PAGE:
Although the importance of the Unicode continues to increase, its creation remains largely unnoticed by the press. One reason is because while its existence is essential, its exact design does not have great significance to the proprietary plans of powerful technology vendors. The result is that while the Unicode Consortium has a long list of corporate (and other) supporters that recognize its importance and therefore subsidize its ongoing support and extension, no standards wars surround its creation, and no vendors compete aggressivley to control its working groups.
Instead, the Unicode Standard is the work of a dedicated group of (mostly) volunteers dedicated to achieving social as well as IT goals. Increasingly marginal (from a commercial perspective) languages are constantly being added, in each case enabling another step to be taken in providing equal access to the Internet and the Web to all. In the words of Tim Berners-Lee, "The path W3C follows to making text on the Web truly global is Unicode."
Even less commercial is the work of the Unicode Consortium in encoding the ancient scripts of languages no longer spoken, such as Old Persian, Sumero-Akkadian, Runic, Ogham and Phoenician, and in allowing archaic versions of still-spoken languages to be made accessible to maintain continuity of access over time. An example is Aramaic, now in use for over 3,000 years. The Unicode adopted the Syriac form of Aramaic, thereby, in the words of the President and Director of The Syriac Institute, "linking ancient tablets and parchment to today's digital memory cells and even to the unknown media of tomorrow. The inheritors of the Syriac heritage today and academia are most indebted to the Unicode Standard."
The end result is that the Unicode 5.0 in published form, complete with notes and explanations, is a unique hybrid of linguistic history, cultural continuity and technical data. As such, it is interesting for even a non-IT professional (such as me) to flip through and appreciate.
Still, the summary just provided doesn't quite do justice to what the Unicode represents. When the first electromechanical marvels were launched in the 19th century (e.g., the telephone, the gramophone and the movie projector), all the science remained invisible, hidden behind enigmatic mechanical parts like metal diaphragms, electromagnets and steel needles. Only sights, sounds and physical objects were apparent to normal mortals, just as the human voice, sight and hearing were mysteries until modern anatomists and optical physicists began to divine their secrets.
But with the advent of the personal computer, anyone can (and, increasingly, many more do) dive down to the code level of program creation, where all mystery dissolves into letters, colons, <> marks and the like. In doing so, the link between the past and the present, between linguistics and geography, between literary art and the reader, dissolves irretreivably into arbitrary and elemental characters.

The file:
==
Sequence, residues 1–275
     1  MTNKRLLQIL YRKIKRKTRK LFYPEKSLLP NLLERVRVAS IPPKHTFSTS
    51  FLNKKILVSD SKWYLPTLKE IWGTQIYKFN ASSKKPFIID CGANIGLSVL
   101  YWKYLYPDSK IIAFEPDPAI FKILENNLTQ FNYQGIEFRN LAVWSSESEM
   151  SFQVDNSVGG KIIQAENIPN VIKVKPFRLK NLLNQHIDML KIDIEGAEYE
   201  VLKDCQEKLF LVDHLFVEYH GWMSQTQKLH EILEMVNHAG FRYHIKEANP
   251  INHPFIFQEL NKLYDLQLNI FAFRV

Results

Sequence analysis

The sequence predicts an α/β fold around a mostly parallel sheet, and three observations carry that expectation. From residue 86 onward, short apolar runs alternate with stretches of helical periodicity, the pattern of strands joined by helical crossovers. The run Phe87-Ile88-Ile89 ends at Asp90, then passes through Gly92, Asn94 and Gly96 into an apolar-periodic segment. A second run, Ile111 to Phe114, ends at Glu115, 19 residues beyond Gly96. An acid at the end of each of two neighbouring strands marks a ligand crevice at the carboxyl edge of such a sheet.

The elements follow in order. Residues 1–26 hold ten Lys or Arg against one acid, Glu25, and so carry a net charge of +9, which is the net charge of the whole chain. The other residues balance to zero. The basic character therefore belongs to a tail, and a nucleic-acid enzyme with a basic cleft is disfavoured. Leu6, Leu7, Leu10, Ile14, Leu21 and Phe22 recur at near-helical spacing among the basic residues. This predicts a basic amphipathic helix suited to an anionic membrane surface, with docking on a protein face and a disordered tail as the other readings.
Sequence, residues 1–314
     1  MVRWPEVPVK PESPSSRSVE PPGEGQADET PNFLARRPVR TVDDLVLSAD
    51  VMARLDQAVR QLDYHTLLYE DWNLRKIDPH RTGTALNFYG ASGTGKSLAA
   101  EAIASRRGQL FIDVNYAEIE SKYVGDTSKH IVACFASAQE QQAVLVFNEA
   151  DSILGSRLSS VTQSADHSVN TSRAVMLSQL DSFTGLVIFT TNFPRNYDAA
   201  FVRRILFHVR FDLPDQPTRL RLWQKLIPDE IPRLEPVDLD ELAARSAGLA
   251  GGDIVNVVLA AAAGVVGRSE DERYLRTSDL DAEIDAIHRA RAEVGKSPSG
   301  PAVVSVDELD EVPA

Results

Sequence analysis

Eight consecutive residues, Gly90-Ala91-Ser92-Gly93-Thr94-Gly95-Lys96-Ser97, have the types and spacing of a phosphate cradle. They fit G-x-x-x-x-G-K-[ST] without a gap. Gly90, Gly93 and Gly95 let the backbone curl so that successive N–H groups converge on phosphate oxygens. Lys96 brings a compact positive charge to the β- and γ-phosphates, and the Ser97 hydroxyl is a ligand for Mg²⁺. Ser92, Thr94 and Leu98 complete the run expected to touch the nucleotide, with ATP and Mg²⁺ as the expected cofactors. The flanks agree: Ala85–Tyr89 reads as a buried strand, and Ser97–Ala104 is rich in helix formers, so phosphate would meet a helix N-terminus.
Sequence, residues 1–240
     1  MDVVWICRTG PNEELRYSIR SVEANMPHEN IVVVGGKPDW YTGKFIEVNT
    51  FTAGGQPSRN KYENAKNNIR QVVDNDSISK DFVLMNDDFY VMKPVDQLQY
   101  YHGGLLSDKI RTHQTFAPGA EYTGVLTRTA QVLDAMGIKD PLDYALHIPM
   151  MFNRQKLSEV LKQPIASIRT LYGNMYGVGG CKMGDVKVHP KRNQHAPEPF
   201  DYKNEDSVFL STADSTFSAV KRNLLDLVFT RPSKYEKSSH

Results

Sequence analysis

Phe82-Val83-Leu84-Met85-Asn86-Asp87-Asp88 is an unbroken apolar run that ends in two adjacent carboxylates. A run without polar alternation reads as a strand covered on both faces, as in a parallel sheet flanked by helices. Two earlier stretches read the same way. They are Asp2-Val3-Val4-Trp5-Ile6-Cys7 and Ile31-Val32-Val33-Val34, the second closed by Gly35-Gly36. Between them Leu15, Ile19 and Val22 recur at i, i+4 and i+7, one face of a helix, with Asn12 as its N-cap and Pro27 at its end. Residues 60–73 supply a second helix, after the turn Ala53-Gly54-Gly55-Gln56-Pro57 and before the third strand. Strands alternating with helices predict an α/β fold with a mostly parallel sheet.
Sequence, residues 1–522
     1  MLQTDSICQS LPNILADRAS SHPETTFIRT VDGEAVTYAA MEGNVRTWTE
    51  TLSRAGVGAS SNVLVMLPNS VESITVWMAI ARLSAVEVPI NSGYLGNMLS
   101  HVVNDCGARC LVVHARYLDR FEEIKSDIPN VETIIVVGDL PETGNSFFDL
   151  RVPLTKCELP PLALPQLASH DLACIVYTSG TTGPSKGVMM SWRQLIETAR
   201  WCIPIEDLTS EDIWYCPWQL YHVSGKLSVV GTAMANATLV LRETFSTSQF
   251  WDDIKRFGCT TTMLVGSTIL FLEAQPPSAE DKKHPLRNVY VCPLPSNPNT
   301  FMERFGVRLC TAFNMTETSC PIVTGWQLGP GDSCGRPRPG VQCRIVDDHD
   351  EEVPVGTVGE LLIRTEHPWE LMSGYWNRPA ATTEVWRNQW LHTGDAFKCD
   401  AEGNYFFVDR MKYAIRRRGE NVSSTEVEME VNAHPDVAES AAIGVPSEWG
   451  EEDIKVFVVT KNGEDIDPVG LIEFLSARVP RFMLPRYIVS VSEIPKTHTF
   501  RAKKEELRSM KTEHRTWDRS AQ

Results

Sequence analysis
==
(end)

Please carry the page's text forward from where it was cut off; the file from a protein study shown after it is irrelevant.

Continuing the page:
And that is where the Unicode reveals a significance that goes beyond its technical utility and its social value, by providing the link between the sterility of code and the richness of history.
I tried to convey some of that significance in my prior essay as follows:
While all 1500 pages (including prefatory material) [of Unicode 4.0] are dedicated to the purely technical task of converting the essence of human communication into 1s and 0s, its explanatory sections are also a lyrical expression of the richness of evolved language. In the ongoing Unicode project, the arcana of linguistic structure and the logic of technology find their interface.
Witness, for example the following Jabberwockian discoveries (just) from the Table of Contents, and take time to savor the sounds of the syllables as you mentally pronounce them:
- Living Scripts: Thaana, Limbu and Malayalam; Tai Le, Tagalog and Tagbanwa; Devanagari, Bengali and Gurmukhi; Han, Hangul and Yi. Bopomofo. Canadian Aboriginal Syllabics. Cherokee.
- Archaic Scripts: Ogham; Ugaritic; Cypriot Syllabary
- Symbols: Byzantine Musical Symbols, Yijing Hexagrams and Dingbats
- General Structural Elements: Ligated Multiple Base Characters, Spacing Clones of European Diacritical Marks, and Grapheme Clusters
- Conformance: Corrigenda, Canonical Decomposition and Collation. Conjoining Jamo Behavior.
Is the Unicode Standard 4.0 a computer technical book? Only up to a point. In a much more real sense, it is the latest (and not the last) step in the human ordering of expression. The manner of its coming into being, involving many individuals passionate about their tasks, is but the latest leap in the long road that began when words were first converted into hash marks on a clay tablet.
If it would be possible to visualize a standards manual as a coffee table book without imagining an oxymoron, it would be The Unicode Standard 5.0. I highly recommend it.